Every year at SXSW there's one big tech trend that dominates the conference and it's no surprise that this is the year of Web3. There's a lot of discussion about the industry's current approach to Web3, NFTs and metaverses, as short-term novelty and hype, being misguided.
Professor Scott Galloway called some of the Web3 hype "yogababble". Super-futurologist Amy Webb talked about us "chasing the shiny" and spending our money in the wrong place, such as the recent Metaflower Super Mega yacht NFT in Sandbox selling for $650,000 (£497,542).
But, as the novelty of NFTs potentially wears off, the view was that digital collectibles alone are not the long-term trend here, but the infrastructure behind them is – as Web3 allows shared mutual value and ownership via blockchain/crypto technology and tokenisation. Web3 is potentially the start of a new cultural economy and forward-thinking brands are starting to see its full potential.
Here are four observations from SXSW for brands to consider:
Members, not users
Kimbal Musk said at the conference: "The secret superpower of Web3 that I don't think people realise yet, is the power of the community building."
While Web2 was dominated by the platforms, Web3 gives brands the opportunity to explore creative offerings and forge deeper connections with communities. At ScienceMagic Inc we connect brands to communities, so I was keen to hear how brands engaging meaningfully in Web3 require a shift in how they see their relationship with customers evolving to engage with their community. In a Web3 world, a brand's community will need to feel that it can have influence with the brand and through the brand. It's about a value exchange: what's in it for them at the end of the day, what utility can you provide.
Brands and organisations at SXSW were demonstrating how they are giving value back to their community, from exclusive merchandise, social opportunities and unique experiences, through to meaningful shared value creation and mutual ownership through tokenisation.
The big hit activation at SXSW this year was the Doodles experience with Doodle Noodle Bar set among a trippy cartoon rainbow vomit installation and accompanying rainbow nail bar. The Doodle NFT community can scan their Doodles passport to access VIP events, content, collecting unique merch and more. The price of Doodles NFTs are soaring to c.£20,000 thanks to "the strength of the community", a bit like being an exclusive social club, where members are organising their own meet-ups fuelled by passion for the community. It's a good example of what a digital asset can do for a community, from access to content and POAPs (a sort of digital memento).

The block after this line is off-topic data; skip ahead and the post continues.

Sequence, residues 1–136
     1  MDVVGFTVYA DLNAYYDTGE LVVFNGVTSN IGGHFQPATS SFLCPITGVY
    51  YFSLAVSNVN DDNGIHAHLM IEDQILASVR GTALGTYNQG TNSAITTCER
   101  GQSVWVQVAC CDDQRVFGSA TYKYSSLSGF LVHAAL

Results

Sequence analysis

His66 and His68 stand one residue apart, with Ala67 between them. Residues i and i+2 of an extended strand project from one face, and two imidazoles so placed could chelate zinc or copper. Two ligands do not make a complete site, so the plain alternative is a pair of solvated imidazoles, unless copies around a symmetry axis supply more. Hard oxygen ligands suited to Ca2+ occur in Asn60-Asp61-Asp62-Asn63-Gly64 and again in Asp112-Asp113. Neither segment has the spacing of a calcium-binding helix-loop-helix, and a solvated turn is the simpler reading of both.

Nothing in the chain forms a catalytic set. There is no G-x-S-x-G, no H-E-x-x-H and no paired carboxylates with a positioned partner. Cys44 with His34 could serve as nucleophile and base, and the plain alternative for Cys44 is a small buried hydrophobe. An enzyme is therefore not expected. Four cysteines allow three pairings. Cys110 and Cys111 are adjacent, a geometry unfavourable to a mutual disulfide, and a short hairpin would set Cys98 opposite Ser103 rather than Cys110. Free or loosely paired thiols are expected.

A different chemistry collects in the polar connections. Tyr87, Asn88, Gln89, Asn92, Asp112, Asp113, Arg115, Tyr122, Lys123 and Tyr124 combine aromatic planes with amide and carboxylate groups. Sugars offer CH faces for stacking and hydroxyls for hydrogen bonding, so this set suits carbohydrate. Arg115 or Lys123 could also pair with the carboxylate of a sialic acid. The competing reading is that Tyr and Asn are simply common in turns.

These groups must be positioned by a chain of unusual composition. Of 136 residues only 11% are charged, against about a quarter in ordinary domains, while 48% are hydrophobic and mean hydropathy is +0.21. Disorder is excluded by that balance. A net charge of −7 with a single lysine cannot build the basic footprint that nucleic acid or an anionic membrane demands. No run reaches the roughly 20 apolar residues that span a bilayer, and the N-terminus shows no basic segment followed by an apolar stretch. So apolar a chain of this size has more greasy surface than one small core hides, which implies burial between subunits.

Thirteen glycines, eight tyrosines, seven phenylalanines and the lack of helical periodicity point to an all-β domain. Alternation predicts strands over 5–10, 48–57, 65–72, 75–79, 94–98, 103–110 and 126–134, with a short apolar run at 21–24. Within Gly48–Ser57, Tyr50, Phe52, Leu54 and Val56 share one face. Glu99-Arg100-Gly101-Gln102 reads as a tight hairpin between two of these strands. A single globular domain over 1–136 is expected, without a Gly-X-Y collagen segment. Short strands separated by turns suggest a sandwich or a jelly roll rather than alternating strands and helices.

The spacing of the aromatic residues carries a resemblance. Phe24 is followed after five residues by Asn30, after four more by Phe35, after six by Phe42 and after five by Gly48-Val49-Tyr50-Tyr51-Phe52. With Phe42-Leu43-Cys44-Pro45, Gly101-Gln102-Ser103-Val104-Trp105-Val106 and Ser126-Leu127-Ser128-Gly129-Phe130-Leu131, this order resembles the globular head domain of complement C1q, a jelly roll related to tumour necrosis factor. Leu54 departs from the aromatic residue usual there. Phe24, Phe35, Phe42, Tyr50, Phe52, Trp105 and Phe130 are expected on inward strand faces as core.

As top blockchain influencer Sandy Carter summarised: "In Web3, you are a member, not just a user."
Move over NFTs, the DAOs are here
The next, next big thing at SXSW were Decentralised Autonomous Organisations (DAOs) – a new sort of organisation, where everyone owns it, everyone governs it, decisions are made collectively, underpinned by blockchain/crypto technology. Akin to a group chat with a bank account.
Nadya Tolokonnikova of Pussy Riot set up @UkraineDAO to fundraise via NFT and get funds to Ukraine quickly, while being transparent with where money goes, avoiding bureaucracy and solving roadbloacks with the help of the DAO members. The DAO allowed people to bid collectively on a Ukraine flag NFT, raised $7m in a few days and was able to distribute money really quickly. People in Russia could donate anonymously without being tracked and prosecuted. "It's a big step from crypto being seen as cartoon images that can be sold... we can solve global problems," she said. FYI if you have a crypto wallet check out @ukraineDAO to support.